KDR Wood Design Co. recently opened a storefront in downtown Green Lake showcasing its custom-made signs, furniture and cabinetry work.
The storefront, located at 526 Mill St., had a “soft opening” prior to Harvest Fest and hosted a grand opening ribbon cutting ceremony Sept. 25 during Harvest Fest.
KDR has come a long way since opening a wood shop on South Lawson Drive — near the corner of highways 23 and 49 — in 2019.
Owner Kaleb Ranker said the original shop was getting crowded as it was “just under 500 square feet” and had limited space for a showroom.
This spring, when the downtown property became available, Ranker jumped at the opportunity to have more visibility in Green Lake with 2,000 square feet of retail space.
“We wanted to keep growing in this community, so it just made sense,” he said. “Our customers have been really supportive. And we just wanted to be a part of the revitalization of downtown Green Lake.”
The original wood shop is still being used as it is where KDR builds its furniture and wood decor.
Ranker said the business uses its own saw mill, and uses locally sourced lumber for all of its products.
“The shop is going to stay right where it’s at,” he said. “We’ll keep that property running during the week, and then on the weekends, we’ll have this open.”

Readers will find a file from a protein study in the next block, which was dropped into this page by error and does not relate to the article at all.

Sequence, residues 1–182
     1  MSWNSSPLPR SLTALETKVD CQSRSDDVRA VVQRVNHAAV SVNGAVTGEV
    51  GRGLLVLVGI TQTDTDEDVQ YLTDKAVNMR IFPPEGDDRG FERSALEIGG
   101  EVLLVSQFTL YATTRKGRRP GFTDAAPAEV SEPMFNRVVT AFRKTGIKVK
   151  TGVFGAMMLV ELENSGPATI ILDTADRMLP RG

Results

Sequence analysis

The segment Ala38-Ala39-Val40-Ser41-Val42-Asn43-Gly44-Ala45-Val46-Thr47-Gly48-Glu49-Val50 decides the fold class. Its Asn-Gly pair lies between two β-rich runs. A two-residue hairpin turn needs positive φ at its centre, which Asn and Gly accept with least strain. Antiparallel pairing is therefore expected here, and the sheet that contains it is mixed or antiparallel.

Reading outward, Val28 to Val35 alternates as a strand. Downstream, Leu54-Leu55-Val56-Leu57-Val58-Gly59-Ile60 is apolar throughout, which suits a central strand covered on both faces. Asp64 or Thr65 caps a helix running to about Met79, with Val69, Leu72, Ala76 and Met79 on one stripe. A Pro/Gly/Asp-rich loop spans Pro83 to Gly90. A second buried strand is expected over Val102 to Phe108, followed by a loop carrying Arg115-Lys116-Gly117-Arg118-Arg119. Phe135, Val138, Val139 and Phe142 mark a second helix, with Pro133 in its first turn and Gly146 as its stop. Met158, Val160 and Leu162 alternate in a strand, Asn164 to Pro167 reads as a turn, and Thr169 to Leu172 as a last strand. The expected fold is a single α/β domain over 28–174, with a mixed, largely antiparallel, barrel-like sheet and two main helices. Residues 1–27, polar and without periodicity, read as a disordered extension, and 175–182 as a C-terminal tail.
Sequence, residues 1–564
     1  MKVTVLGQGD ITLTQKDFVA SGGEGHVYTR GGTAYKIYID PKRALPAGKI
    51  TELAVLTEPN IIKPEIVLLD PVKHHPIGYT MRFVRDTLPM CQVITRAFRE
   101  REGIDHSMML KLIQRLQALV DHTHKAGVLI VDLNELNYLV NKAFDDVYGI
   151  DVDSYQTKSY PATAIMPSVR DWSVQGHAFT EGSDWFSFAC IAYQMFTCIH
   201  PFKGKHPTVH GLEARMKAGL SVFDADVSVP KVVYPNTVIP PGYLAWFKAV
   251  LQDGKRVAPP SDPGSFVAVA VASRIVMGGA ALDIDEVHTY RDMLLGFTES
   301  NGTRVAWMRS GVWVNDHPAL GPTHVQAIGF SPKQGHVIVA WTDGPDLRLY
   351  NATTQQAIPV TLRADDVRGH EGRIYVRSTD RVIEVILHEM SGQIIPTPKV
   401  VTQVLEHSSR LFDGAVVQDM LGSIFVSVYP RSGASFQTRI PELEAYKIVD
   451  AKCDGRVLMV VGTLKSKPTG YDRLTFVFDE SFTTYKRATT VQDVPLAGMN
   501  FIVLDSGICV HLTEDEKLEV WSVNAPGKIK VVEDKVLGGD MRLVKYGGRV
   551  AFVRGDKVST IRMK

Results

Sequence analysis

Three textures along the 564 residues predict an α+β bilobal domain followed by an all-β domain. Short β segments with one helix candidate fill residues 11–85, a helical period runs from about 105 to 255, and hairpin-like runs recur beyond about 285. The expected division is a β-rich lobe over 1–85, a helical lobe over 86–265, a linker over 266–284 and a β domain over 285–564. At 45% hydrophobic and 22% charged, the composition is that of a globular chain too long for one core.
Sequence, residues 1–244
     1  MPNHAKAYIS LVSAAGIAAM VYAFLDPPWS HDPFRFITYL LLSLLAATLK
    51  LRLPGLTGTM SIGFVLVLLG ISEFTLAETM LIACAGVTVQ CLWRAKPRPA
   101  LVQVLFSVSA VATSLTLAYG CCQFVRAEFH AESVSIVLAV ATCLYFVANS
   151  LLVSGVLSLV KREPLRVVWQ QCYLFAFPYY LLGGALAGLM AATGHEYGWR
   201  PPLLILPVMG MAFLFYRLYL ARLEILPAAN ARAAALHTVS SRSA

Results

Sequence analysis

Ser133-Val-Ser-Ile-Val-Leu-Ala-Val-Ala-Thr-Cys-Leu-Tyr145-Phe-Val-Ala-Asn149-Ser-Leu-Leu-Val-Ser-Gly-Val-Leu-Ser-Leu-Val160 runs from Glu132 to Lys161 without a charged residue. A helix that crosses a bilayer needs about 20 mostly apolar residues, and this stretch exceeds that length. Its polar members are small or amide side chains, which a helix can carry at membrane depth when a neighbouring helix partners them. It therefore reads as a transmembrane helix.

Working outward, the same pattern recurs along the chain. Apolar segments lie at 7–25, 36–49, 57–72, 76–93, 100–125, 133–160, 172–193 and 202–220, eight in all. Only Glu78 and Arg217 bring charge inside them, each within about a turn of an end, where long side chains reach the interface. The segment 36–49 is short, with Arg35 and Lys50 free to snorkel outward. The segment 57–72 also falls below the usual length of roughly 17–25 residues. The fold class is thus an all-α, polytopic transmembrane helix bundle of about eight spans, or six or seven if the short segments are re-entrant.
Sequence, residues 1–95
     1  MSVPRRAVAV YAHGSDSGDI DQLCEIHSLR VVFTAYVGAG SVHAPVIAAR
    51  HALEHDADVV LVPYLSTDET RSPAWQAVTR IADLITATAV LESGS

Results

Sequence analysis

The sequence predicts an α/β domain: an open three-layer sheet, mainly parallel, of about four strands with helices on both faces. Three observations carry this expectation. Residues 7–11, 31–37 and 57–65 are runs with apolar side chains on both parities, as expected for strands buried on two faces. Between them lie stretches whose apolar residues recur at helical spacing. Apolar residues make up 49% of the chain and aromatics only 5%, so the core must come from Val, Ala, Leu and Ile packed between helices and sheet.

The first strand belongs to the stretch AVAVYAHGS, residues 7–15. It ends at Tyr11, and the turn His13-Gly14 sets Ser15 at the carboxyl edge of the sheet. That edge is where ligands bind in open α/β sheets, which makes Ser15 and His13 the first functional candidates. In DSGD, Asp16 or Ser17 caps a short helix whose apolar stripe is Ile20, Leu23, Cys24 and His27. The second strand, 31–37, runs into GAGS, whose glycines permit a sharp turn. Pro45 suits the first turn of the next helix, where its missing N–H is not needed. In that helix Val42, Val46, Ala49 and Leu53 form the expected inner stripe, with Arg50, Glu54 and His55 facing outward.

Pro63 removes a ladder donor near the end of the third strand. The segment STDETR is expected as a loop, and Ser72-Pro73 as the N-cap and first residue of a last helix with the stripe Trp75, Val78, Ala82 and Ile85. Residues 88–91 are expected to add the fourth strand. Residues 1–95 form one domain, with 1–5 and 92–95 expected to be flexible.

KDR specializes in custom woodworking, from furniture to laser printing company logos or family portraits onto a piece of wood.
“It’s personalized in a way that is unique and really means something to people,” Ranker said.
Beyond offering custom woodworking, the business also offers services to create built-in outdoor kitchens and stonework.
Ranker became interested in woodworking after taking a few shop classes in high school and helping his family with home renovations when he was in middle school.
After graduating high school, Ranker went to Fox Valley Technical College, where he studied wood manufacturing and developed a passion for building custom furniture.
In 2019, he turned that passion into a business and hasn’t looked back.
Before opening the downtown location, KDR had to convert a former art gallery into a showroom for custom woodworking and outdoor furniture.
That process required removing walls to open the space up, modernizing the interior of the building, exposing the building’s original beam work, as well as re-doing the electrical and drywall.
“We really wanted to give it a natural, but yet clean feel,” Ranker said.
About a month ago, KDR had its soft opening to move all of its product in and get acquainted with the new location.
During its grand opening, Ranker said KDR cooked pizzas and pork sandwiches for customers, while giving them the chance to explore the new storefront.
“It was kind of wild — we were not expecting it to be that busy,” Ranker said. “Over the [Harvest Fest] weekend, we had close to 2,000 people come to the store.”
Ranker said the journey from launching the business in 2019 to opening a downtown storefront has been “extremely rewarding as far as being able to see your vision come into reality.”
“We really didn’t expect to be where we are today, two years ago, when we bought the other place,” he said. “It’s been a huge response from the community [because] people are looking for products that are better quality.
“There’s a lot of stuff out there that really is becoming more commercialized from big box stores, but our products are built to last.”